- Judith Taylor has provided listings of Officers in the New Model Army and The Marches and Campaigns of the Army taken from Anglia Rediviva (England's Recovery) by Joshua Sprigge, 1647.
- Some useful English Civil War material from Luke Knowlton.
- There is a good bibliography (see 'resources') on (the internet archive, the original pages have been removed) Soldiers and Soldiering in Britain 1750-1815
- Online database from muster rolls: The Soldier in later Medieval England
- The Domesday Book website provides details of many of the places mentioned in this historic survey of 1089.
- England - Occupations - links and information.
- The US National Archives has an interesting page on the Magna Carta.
- The English Bill of Rights (1689) was the forerunner of the US Constitution.
- The Village Labourer 1760-1832: A Study in the Government of England before the Reform Bill by J.L. and Barbara Hammond (Originally published 1911, New Edition, 1920.)
- Peter Higginbotham's web site is one of the most entensive sites about Workhouses and Poor Law Unions.
- Index to Paupers in Workhouses 1861 (a 10% sample) provided by George Bell.
- There are links to many Workhouse and Poor Law sites on the Four Bears Poverty links page .
- The regime in workhouses could be very harsh as these Workhouse Rules illustrate.
- The book: E.A. Wrigley and R.S. Schofield, (Eds.). The Population History of England, Cambridge Univ. Press, 1989, is the standard text on the historical demography of England, based on many years of work by the Cambridge Group for the History of Population and Social Structure. A book which draws very usefully on this research, in order to study family and community in England after the Middle Ages and before the changes brought about by the Industrial Revolution, is: P. Laslett. The World We Have Lost: Further explored, London, Routledge, 1983, 353 p.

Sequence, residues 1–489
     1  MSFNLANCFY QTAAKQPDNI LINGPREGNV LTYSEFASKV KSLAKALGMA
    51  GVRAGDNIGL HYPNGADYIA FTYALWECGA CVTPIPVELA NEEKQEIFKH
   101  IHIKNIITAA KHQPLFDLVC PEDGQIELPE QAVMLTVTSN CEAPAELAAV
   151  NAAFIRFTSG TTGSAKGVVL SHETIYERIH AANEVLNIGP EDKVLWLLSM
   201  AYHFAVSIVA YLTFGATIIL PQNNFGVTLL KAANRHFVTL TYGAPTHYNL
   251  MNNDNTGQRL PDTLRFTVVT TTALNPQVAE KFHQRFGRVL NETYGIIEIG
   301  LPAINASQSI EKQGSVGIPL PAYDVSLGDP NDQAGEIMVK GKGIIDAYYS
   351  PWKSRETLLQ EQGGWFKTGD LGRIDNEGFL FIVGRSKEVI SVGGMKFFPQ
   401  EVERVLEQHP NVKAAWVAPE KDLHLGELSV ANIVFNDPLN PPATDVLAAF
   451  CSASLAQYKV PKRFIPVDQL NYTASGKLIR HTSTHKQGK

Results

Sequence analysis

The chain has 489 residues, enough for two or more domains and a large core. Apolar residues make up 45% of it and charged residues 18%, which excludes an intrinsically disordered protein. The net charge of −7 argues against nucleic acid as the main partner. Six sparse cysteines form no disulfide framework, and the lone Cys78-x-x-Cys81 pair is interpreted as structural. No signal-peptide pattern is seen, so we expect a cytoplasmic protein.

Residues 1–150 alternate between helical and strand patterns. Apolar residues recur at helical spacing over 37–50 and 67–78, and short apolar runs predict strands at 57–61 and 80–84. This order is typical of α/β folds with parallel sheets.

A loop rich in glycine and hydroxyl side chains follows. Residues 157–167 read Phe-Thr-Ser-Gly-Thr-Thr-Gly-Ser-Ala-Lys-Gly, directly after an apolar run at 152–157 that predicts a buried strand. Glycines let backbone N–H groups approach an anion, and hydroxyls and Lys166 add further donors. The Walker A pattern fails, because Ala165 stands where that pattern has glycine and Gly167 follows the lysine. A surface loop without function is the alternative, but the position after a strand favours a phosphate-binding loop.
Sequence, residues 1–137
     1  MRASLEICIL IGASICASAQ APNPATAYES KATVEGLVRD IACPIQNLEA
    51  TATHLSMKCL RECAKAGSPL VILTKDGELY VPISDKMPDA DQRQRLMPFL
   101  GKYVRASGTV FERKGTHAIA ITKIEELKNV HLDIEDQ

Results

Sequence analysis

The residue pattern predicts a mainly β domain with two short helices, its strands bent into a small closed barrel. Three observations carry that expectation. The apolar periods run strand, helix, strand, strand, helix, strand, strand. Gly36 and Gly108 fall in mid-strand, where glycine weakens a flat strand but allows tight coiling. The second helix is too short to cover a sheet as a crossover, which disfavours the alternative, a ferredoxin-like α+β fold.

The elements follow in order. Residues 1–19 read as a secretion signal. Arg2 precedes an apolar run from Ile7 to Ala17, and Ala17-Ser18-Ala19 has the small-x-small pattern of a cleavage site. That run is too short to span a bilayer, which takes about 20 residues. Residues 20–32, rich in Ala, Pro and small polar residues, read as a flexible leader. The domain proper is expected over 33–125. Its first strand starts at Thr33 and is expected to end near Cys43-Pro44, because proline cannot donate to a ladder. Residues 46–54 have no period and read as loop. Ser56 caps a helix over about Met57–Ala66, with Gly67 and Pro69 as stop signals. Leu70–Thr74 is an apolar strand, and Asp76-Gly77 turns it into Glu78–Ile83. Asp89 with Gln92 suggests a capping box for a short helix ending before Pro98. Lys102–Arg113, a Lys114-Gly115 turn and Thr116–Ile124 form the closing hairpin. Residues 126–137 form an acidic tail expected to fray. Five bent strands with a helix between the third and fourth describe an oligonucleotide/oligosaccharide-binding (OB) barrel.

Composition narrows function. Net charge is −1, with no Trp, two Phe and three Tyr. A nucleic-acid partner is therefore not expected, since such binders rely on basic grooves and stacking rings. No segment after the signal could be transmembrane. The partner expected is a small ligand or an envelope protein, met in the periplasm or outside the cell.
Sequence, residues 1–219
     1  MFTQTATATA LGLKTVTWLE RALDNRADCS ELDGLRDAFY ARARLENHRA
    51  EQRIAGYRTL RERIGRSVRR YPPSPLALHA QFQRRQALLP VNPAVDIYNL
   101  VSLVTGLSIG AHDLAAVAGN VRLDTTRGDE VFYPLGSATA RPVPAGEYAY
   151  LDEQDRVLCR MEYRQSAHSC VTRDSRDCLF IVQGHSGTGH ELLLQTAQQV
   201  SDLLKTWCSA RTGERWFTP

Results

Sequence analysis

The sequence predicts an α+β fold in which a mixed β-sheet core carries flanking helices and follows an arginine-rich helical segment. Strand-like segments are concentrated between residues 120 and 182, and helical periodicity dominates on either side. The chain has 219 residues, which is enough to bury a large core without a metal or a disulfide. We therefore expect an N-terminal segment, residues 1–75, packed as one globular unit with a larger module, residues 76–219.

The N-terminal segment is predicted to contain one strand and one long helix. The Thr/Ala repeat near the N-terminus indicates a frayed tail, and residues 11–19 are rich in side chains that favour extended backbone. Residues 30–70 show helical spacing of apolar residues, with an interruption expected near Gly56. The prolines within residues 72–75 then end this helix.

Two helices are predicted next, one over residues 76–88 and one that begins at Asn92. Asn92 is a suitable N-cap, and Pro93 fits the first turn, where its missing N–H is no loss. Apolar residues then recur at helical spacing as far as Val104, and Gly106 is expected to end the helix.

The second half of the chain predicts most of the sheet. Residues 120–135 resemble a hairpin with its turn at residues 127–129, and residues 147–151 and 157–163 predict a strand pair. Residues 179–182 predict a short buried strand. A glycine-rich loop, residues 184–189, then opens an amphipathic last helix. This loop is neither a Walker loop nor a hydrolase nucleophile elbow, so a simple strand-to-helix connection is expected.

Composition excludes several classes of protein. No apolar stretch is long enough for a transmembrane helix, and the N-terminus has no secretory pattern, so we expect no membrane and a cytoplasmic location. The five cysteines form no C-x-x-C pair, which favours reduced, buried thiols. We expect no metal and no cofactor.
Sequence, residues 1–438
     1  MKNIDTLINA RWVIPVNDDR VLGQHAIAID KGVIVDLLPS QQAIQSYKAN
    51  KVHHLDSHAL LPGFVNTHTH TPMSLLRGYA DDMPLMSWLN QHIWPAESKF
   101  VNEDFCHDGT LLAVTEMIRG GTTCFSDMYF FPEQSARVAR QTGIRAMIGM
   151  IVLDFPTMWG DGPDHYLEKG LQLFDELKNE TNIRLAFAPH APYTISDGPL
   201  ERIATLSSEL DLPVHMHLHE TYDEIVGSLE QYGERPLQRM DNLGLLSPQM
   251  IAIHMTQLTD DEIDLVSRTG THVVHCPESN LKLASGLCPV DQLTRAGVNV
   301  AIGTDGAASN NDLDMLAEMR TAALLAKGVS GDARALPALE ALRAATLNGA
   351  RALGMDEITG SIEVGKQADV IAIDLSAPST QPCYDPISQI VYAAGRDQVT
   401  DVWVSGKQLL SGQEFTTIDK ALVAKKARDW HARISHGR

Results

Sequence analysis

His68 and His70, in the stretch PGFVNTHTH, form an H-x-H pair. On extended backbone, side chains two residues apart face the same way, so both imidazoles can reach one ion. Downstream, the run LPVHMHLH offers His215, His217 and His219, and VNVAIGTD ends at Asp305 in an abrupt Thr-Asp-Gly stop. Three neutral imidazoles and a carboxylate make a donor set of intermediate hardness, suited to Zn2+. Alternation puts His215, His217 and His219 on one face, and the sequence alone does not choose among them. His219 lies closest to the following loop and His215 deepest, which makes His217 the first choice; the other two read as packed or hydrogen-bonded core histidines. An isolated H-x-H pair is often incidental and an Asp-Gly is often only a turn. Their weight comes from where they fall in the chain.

- The Vision of Brtain site has a number of population graphs and charts. Note the site has undergone changes, you may need to hunt!
- England - Probate Records - links and information.
- See our section on Archives for various online catalogues of public records.
- The book: J. West. Village Records, Chichester, Phillimore, 1982, 248 p. provides detailed accounts of the types of document that are likely to be available, to someone wishing to research the history of a village and its population. The types of document covered are: Saxon Charters, The Domesday Survey, Manorial Court Rolls, Lay Subsidy Rolls, Inquisitions Post Mortem, Manorial Extents, Monumental Brasses, County Maps, Parish Records, Quarter Sessions Papers, Inventories, Wills, Hearth Tax Returns, Enclosure Awards and Maps, Land Tax and Tithe Records, Turnpike Trust Records, and Commercial Directories.
There are several Research Guides from The National Archives giving an excellent overview of the history of education in this country. Also look under keywords 'educational history' and 'schools'.
- Fashion History Museums & Galleries: Fashion-Era.
- Clothing of the 18th century
- Village Games by Colonel Alex Johnson describes games which Alex remembers from his childhood in the 1920s and 30s. Although the names of the games are those used in North-East England, most of these games were played throughout the country.
- The Children's Society – Hidden Lives – includes anonymised case files
- 200 Years of the Census - changes over the last 200 years as revealed by the census.
- Here are three useful sources of reading about Land Taxes
- There are useful Research Guides from The National Archives - see keywords 'death duties (tax)', 'taxation' and 'taxes and duties'.
- The book: J.S.W. Gibson, M. Medlycott and D. Mills. Land and Window Tax Assessments, 1690-1950, Birmingham, FFHS, 1993, 52 p. provides a good description of how to interpret these early tax records, and where to find the records for each county.
- See Markets and Fairs - a Research Guide from The National Archives.
In the UK these are referred to as Electoral Registers or Electoral Rolls. In earlier times they are often known as Poll Books.
- The electoralregisters.org.uk site offers ... information about the electoral registers, electoral rolls, poll books from 1700 to the present day, how to access the registers online, how to make the most from your searches, what is available and not available, and much, much, more.
- For some of the legal background, this legal volume about The Representation of the People Act, 1918 may prove useful - https://archive.org/details/representationof00frasrich?view=theater